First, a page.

RELIGIOUS nationalism is driving soaring levels of anti-Christian persecution across Asia and the Indian subcontinent, Open Doors warns this year, as it publishes its 25th World Watch List. The charity campaigns on behalf of persecuted Christians.
The rebirth of Hindu and Buddhist nationalism in the 1990s was “the trend the world refused to notice”, the charity says. Its report, which ranks the 50 countries in which it is most difficult to practise Christianity, calculates that Christians are being killed for their faith in more countries than ever before: 38.
India was ranked higher than ever before, at 15, in the wake of the election of President Modi and rising religious nationalism. Open Doors researchers recorded more than 15 violent attacks on Christians every week in 2016. The persecution is partly, they write, “a reaction to the rapid growth of the Indian Church”. Pastors have been beaten, churches burned, and converts harassed. The second biggest increase in persecution is reported in Bangladesh, owing to attacks by terrorists linked to Islamic State.
“There is a clear pattern of rising religious intolerance across the Indian sub-continent which affects many millions of Christians,” the CEO of Open Doors, Lisa Pearce, said.
The estimate of the number of Christians killed for their faith during the year — 1207 — is significantly lower than the 7000 reported last year, which Open Doors attributes to many Christians’ having already been killed or displaced by violence, and Boko Haram’s being “forced more on to the defensive” in Nigeria.
Nevertheless, more than half of the deaths took place in Nigeria, where there is a reported death-rate of up to 3000 Christians a year. Sub-Saharan Africa remains the most violent for Christians today, and Islamic radicalisation is now affecting many Christian-majority countries, including Kenya, Open Doors warns. It is becoming “increasingly mainstream”.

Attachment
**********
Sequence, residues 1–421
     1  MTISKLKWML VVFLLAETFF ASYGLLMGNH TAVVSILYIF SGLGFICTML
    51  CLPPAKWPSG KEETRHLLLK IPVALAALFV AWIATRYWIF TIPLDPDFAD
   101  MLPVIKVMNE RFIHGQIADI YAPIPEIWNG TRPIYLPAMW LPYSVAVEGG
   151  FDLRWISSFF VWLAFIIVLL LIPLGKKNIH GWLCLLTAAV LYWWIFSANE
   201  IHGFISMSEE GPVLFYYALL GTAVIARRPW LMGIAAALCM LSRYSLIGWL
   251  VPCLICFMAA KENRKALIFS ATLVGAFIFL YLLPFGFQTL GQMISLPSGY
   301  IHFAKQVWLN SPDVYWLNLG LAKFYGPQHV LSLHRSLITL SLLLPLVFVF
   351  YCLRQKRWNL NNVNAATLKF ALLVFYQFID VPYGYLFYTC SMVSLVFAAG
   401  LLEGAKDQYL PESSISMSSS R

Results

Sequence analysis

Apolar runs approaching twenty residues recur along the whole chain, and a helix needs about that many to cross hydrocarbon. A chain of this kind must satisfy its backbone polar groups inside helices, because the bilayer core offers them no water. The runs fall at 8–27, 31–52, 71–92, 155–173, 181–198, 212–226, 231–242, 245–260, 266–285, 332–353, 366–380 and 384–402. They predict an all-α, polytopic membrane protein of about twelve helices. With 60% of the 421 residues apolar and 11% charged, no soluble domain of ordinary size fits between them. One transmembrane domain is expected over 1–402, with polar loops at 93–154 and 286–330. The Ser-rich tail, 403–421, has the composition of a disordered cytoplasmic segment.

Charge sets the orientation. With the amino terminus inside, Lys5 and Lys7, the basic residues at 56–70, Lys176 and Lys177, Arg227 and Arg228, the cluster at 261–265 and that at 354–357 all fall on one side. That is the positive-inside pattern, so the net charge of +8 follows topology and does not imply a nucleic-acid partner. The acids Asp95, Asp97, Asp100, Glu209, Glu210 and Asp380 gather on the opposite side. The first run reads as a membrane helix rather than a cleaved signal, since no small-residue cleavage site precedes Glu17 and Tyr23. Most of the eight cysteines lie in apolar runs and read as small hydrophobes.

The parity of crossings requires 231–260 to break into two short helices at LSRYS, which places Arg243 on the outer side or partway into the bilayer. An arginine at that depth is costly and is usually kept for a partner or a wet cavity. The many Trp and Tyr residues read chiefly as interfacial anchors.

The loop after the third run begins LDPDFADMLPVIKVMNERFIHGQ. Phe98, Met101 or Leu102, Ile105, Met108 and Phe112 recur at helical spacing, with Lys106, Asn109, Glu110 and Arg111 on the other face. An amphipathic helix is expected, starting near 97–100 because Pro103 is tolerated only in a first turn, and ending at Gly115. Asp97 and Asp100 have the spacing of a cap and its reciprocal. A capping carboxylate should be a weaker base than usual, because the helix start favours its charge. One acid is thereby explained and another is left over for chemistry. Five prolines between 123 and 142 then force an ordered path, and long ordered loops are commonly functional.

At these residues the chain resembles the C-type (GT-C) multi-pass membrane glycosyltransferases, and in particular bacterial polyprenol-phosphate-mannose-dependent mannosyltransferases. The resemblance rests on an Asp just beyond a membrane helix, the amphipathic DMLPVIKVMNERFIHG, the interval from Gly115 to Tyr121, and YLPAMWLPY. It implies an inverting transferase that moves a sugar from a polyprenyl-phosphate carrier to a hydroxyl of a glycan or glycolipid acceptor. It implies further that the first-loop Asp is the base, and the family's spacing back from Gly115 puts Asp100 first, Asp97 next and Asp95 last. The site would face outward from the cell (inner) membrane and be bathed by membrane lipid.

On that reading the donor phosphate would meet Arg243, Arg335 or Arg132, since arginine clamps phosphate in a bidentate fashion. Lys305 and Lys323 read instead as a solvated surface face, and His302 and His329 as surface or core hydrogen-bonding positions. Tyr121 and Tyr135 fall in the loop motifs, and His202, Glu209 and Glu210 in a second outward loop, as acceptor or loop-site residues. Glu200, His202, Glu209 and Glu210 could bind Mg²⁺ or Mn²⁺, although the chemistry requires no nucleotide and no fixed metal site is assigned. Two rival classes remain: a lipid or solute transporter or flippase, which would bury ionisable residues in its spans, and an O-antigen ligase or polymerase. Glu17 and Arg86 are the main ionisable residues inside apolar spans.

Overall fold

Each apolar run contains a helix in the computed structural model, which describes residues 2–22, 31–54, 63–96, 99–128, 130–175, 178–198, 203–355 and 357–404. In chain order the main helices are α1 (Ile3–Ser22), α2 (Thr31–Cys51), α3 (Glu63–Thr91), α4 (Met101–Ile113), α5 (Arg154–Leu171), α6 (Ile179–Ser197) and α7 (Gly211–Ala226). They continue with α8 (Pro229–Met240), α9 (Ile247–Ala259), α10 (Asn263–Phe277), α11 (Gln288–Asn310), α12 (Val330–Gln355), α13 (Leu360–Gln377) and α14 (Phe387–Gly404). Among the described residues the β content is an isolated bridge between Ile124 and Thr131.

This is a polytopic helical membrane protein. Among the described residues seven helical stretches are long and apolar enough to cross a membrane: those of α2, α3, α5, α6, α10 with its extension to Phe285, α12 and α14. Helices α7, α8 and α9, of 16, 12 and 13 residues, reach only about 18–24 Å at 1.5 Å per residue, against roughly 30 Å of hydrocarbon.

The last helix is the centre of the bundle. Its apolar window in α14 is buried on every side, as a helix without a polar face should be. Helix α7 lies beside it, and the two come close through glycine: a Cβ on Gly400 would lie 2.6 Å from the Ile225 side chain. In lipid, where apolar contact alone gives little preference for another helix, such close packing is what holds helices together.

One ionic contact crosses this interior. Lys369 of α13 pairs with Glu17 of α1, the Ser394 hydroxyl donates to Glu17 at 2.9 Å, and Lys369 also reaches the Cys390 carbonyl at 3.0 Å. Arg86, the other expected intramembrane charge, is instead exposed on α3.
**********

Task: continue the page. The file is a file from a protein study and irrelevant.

Islamic extremism is listed as “the main engine of persecution” in 14 out of the most hostile 20 countries, and 35 of the top 50. The biggest increase in persecution took place in Yemen — caused, Open Door says, by the worsening security situation, which has emboldened extremist groups such as al-Qaeda and Islamic State. This is followed by Asian countries: Bangladesh, Laos, India, Bhutan, and Vietnam.
North Korea, which has topped the list for more than 15 years, remains the most dangerous place to be a Christian: an estimated 70,000 Christians are imprisoned inside labour camps.
Only three countries have topped the list since it was first published in 1993: North Korea (16 times), Saudi Arabia (seven times), and Somalia (twice).
Among the trends of the past 25 years noted in the report is the falling rank of China: “The days of hundreds kept in detention, a ban on Bibles, and house-church gatherings brutally broken up by police thugs seem to have receded in favour of more sophisticated manipulation.”
Secular intolerance in the Western world will be reflected in the top 50, the authors predict, “sooner than we might think”.
In a series of recommendations, the British Government is urged to take more steps to champion freedom of religion and belief, including during post-Brexit trade negotiations. But it should cease making “casual references” to the UK as a Christian country, it says, given the rise of religious nationalism.
Open Doors notes that, despite persecution, the Church has grown “with amazing rapidity”.
Pastor in Nigeria describes persecution. A leader in the Christian Association of Nigeria, Pastor Aminu, has seen his congregation in Yobe State shrink in size from 400-500, before Boko Haram entered the state in 2011, to fewer than ten today. This week, he described how the militant Islamist group had gone from door to door in the night, killing Christians. Many had since fled to neighbouring states. A convert from Islam, he described the “terrible experience” of seeing churches destroyed, and the refusal of the state’s authorities to meet him. Many Christians were worshipping under trees. In addition to violence, he described marginalisation and discrimination in education and employment, and a lack of basic infrastructure in “Jerusalem”, the Christian community in which he lives, in the state capital Damaturu. He identified illiteracy, poverty, and political manipulation as roots of Islamic extremism. Christians must not retaliate, he said. “I will be the last person to close my church. I will never leave Damaturu, because I am the shepherd.”